- Philippe is in the far eastern Atlantic and has sustained 40 mph winds
- It is expected to strengthen as it moves west-northwest, the hurricane center reports
- Another tropical storm, Ophelia, is closer to the Caribbean and has stronger winds
A new named tropical storm, Philippe, formed Saturday in the far eastern Atlantic Ocean, the National Hurricane Center reported.
Philippe is expected to strengthen over the next 48 hours, according to the forecast. Still, it remains far away from land -- the closest being the Cape Verde Islands off Africa, some 345 miles (550 kilometers) away, with the closest Caribbean islands about 3,000 miles away.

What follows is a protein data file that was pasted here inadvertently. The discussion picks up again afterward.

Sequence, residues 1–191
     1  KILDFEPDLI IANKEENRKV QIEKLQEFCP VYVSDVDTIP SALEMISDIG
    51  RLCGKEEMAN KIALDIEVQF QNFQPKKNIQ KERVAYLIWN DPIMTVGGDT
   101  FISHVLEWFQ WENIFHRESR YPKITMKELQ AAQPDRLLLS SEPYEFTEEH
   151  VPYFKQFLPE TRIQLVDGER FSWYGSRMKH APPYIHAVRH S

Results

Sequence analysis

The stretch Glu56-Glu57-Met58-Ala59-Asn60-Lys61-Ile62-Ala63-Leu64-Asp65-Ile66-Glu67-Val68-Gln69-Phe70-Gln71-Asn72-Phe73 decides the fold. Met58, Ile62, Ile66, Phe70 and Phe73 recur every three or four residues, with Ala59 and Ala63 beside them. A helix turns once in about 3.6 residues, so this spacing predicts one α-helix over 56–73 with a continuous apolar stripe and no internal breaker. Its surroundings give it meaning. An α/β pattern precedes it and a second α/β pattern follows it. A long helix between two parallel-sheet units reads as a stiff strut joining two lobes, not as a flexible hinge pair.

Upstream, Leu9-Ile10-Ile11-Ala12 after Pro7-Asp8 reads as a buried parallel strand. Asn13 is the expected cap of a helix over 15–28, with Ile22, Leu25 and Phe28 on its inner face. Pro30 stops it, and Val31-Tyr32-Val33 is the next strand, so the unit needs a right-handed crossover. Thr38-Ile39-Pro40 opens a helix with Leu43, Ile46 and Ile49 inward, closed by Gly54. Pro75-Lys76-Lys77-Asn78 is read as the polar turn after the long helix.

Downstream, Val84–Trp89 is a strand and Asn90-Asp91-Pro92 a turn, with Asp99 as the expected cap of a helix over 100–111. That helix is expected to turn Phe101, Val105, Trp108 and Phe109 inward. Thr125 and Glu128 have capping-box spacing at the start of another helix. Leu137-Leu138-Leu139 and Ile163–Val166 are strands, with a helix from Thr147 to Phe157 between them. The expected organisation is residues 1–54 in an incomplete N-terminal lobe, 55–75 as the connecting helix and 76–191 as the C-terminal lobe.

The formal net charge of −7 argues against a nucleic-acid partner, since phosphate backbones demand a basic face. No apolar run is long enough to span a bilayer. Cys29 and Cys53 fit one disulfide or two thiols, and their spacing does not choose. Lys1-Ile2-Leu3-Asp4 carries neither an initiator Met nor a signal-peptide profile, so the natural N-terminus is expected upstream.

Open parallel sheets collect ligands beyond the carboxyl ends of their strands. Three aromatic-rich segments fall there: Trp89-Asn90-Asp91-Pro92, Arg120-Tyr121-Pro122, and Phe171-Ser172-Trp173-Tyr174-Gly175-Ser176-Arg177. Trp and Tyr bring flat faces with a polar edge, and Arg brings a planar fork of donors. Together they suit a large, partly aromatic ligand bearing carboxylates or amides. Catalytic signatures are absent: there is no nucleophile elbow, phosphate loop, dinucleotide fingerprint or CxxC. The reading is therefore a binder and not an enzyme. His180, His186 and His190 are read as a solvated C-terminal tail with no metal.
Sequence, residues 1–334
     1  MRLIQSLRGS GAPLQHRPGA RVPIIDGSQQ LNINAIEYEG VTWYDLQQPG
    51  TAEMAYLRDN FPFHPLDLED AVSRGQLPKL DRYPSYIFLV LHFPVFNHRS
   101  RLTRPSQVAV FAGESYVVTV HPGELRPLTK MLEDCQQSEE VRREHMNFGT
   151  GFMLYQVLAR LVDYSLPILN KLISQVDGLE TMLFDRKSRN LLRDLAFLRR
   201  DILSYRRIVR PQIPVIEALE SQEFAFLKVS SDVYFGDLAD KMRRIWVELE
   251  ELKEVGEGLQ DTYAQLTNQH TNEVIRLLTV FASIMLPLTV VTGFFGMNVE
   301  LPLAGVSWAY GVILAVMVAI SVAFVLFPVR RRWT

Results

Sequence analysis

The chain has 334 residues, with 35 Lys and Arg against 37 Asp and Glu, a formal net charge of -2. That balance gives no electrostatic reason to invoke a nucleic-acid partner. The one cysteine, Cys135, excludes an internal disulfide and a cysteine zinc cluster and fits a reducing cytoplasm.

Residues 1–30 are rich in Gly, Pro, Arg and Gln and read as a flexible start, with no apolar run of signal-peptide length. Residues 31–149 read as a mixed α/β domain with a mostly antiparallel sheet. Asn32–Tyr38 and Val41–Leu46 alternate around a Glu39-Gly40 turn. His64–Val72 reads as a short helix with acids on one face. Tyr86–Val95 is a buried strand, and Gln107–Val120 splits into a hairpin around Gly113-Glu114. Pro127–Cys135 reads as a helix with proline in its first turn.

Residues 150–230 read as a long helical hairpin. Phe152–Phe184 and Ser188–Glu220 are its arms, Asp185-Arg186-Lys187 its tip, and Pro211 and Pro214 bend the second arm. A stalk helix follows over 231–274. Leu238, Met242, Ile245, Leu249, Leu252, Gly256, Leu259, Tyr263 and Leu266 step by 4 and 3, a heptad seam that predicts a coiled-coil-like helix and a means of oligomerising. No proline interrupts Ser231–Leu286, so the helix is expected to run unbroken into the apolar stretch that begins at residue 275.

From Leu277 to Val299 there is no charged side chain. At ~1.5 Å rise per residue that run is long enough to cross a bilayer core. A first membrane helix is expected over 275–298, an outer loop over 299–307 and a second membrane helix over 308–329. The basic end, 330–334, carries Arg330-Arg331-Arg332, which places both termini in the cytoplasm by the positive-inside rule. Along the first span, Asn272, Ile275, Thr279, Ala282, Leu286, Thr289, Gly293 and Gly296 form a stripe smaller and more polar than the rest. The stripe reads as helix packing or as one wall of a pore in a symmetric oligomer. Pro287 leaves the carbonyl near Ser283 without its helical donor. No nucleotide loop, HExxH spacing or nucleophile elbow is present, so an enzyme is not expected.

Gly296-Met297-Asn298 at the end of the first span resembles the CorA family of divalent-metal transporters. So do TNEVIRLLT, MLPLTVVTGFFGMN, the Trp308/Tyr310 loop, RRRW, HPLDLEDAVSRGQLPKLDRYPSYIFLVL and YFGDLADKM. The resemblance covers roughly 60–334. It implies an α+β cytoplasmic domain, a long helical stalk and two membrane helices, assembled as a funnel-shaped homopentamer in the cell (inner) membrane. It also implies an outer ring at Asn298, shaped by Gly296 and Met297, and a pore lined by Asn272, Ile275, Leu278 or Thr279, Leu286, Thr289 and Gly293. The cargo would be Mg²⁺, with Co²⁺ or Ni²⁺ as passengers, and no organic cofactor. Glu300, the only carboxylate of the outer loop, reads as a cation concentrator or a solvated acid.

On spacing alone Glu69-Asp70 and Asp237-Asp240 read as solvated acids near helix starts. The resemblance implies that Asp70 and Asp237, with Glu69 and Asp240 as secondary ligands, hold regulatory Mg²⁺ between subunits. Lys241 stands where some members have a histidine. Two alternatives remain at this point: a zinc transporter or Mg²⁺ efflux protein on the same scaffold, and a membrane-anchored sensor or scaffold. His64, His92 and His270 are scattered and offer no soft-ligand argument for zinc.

As of 5 p.m. Saturday, the storm had maximum sustained winds of 40 mph.
It was moving west-northwest at around 14 mph, with the hurricane center predicting a gradual turn more northwest -- a slight slowdown -- on Monday. Tropical storm-force winds, measuring 40 mph or stronger, are blowing about 45 miles from its center.
Tropical Storm Ophelia, meanwhile, is slightly more powerful and significantly closer to the Caribbean and the coastal United States.
It had sustained winds of 45 mph, with tropical storm-level winds measured up to 260 miles from its middle. It weakened slightly over the course of Saturday, according the hurricane center's 5 p.m. advisory.
Ophelia's movement is described as "erratic," as it heads in a general west-northwest direction at around 12 mph and is then expected to turn more northwest on Monday. Its eye is now located about 295 miles from the Leeward Islands.
As of Saturday evening, there were no coastal watches or warnings in effect for either Ophelia or Philippe.